LONDON (Reuters) - The Bank of England faces another decision next month on whether to become the first of the world's major central banks to raise interest rates since the coronavirus pandemic struck the global economy.
The BoE shocked financial markets on Nov. 4 when its policymakers voted 7-2 to keep Bank Rate at 0.1%, even as it said inflation was heading towards 5%.
Many investors had read previous comments by Governor Andrew Bailey as meaning a November rate hike was a done deal.
Since then, data has suggested the labour market withstood the end of the government's furlough scheme - something the BoE wanted to see before any rate hike - and inflation hit a 10-year high of 4.2% in October.
The BoE's Monetary Policy Committee is due to announce its next policy decisions on Dec. 16 and Feb. 3.
MPC MEMBERS WHO ALMOST BACKED A RATE HIKE ON NOV. 4
ANDREW BAILEY, GOVERNOR
Nov. 15, a day before the latest jobs data: "I'm very uneasy about the inflation situation ... I want to be very clear on that. It is not of course where we wanted to be, to have inflation above target. On the decision itself, however, it was a very close call in my view."
"I think that the situation in the labour market is looking considerably tighter."
HUW PILL, CHIEF ECONOMIST
Nov. 15: "I recognise on the one hand some of Michael (Saunders)'s arguments that, if we don't act, there is a danger that inflation achieves some self-sustaining momentum that we will have to resist down the road. But equally I think that if we act prematurely, there is a danger that we derail some of the recovery, which is still in some respects quite fragile."
POLICYMAKERS WHO VOTED TO RAISE RATES
DAVE RAMSDEN, DEPUTY GOVERNOR (MARKETS & BANKING)
Nov 5: "That move in the UK (inflation expectations) above, and materially above, what was a relatively stable historical average, has been something I've been concerned about."
MICHAEL SAUNDERS, EXTERNAL MPC MEMBER
Nov. 15 "The risk of delaying too long is that then, if and when interest rates do have to rise, they go up a little faster and potentially a little further... and also that inflation expectations, particularly among households and businesses, might drift up a little further."
LESS WORRIED ABOUT INFLATION THREAT CATHERINE MANN, EXTERNAL MEMBER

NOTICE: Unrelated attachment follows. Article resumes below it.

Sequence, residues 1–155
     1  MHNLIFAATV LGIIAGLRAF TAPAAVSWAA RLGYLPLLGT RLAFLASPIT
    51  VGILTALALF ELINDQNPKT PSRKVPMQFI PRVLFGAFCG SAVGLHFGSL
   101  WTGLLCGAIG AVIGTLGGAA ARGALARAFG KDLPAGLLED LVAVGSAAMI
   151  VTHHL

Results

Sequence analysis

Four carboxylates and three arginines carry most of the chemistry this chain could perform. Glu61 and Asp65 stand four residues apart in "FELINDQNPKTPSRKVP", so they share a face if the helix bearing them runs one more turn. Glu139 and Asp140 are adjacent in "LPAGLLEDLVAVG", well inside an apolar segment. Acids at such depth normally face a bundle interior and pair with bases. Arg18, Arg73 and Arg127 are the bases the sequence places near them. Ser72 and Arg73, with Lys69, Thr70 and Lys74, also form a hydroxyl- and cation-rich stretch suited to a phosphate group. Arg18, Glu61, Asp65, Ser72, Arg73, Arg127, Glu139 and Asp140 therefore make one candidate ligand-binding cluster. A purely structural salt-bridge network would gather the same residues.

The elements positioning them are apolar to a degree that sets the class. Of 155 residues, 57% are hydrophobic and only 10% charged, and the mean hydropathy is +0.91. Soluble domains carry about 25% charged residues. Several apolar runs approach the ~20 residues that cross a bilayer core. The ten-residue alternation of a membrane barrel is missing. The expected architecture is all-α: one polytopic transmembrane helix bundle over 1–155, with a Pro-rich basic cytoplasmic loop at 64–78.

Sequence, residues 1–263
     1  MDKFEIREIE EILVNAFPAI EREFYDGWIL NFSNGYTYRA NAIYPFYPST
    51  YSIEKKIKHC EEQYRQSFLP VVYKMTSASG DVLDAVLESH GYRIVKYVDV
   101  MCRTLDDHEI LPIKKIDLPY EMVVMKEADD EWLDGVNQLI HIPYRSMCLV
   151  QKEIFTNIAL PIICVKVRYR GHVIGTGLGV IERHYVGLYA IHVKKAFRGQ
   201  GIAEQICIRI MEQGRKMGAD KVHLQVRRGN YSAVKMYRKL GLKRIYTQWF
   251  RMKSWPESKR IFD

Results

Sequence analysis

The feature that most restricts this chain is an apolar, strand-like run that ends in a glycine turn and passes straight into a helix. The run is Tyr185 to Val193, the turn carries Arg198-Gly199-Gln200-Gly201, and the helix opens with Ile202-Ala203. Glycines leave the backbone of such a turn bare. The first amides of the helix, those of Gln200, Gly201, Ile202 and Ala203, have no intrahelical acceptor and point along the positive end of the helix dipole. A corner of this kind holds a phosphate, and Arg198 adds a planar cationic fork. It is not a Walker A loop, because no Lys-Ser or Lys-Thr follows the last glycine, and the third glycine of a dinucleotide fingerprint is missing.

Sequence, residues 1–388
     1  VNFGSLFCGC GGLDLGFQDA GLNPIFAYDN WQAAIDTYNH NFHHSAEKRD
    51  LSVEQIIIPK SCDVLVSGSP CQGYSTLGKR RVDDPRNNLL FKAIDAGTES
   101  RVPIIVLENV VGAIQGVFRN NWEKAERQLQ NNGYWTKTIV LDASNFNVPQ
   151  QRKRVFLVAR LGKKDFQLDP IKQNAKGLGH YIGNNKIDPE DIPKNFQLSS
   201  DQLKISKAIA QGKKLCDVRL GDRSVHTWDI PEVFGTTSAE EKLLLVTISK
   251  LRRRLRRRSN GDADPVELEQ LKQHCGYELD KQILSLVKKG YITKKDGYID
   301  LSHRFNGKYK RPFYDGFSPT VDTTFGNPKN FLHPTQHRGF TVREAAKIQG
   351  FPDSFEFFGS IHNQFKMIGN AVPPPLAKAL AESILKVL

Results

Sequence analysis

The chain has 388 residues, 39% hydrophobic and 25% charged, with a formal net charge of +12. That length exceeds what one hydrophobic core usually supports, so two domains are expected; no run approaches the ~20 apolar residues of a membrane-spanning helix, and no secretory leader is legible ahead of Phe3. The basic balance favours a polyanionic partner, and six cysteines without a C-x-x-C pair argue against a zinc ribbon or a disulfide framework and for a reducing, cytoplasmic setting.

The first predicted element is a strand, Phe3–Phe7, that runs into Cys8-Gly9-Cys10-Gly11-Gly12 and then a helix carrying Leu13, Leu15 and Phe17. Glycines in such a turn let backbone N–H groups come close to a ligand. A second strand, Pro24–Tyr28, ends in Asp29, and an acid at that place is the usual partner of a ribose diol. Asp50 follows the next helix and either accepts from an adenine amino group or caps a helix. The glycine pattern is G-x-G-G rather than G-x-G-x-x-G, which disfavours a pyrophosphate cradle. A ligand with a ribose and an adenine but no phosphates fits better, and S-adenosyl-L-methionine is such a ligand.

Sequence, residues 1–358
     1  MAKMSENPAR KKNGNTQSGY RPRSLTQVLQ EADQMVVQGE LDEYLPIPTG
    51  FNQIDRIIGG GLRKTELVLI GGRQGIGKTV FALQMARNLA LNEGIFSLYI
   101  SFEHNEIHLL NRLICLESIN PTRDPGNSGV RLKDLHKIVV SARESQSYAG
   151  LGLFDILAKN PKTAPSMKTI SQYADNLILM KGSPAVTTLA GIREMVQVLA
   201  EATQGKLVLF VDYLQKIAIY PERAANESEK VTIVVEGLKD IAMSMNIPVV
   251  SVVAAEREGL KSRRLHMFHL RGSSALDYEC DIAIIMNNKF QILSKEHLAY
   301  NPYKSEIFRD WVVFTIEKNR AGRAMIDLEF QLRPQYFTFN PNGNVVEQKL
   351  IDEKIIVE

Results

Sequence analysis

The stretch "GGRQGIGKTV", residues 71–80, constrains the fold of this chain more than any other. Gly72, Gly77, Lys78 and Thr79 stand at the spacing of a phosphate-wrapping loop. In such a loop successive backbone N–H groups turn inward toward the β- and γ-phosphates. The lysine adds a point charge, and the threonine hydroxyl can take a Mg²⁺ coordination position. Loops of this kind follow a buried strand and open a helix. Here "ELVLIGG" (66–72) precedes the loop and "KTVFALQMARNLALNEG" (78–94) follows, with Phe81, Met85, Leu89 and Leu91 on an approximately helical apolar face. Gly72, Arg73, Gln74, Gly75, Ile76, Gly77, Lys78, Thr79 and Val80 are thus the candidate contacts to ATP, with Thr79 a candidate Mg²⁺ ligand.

Nov. 15: "Going forward, the ability of firms to pass through any cost increase, one for one, on to their prices is in question ... That puts a damper on inflation prospects in the medium term."
SILVANA TENREYRO, EXTERNAL MEMBER
Nov. 5: "Central banks, not just the Bank of England, will need to balance their inflation and real-economy objectives. This balancing requires in my view a cautious approach."
BEN BROADBENT, DEPUTY GOVERNOR (MONETARY POLICY)
Nov. 4: "We have had a couple of episodes like this, notably after the financial crisis and the big fall in sterling when inflation got to 5(%), and it was transitory then and I would expect it to be transitory now."
NOT SPOKEN ON MONETARY POLICY RECENTLY
JONATHAN HASKEL, EXTERNAL MEMBER
July 19: "In the immediate term, the risk of a pre-emptive monetary tightening curtailing the recovery continues to outweigh the risk of a temporary period of above-target inflation. For the foreseeable future, in my view, tight policy isn't the right policy."
JON CUNLIFFE, DEPUTY GOVERNOR (FINANCIAL STABILITY)
July 14: "One shouldn't expect the reopening of the economy to be smooth. This is not something that you can just close down and reopen without bumps in the way ... We're seeing a surge in demand. We're seeing some constrictions in supply that's driving inflation. How persistent is that (is the) clear question... We would expect some of these pressures, and we would expect transitory pressures at this stage."
(Writing by William Schomberg)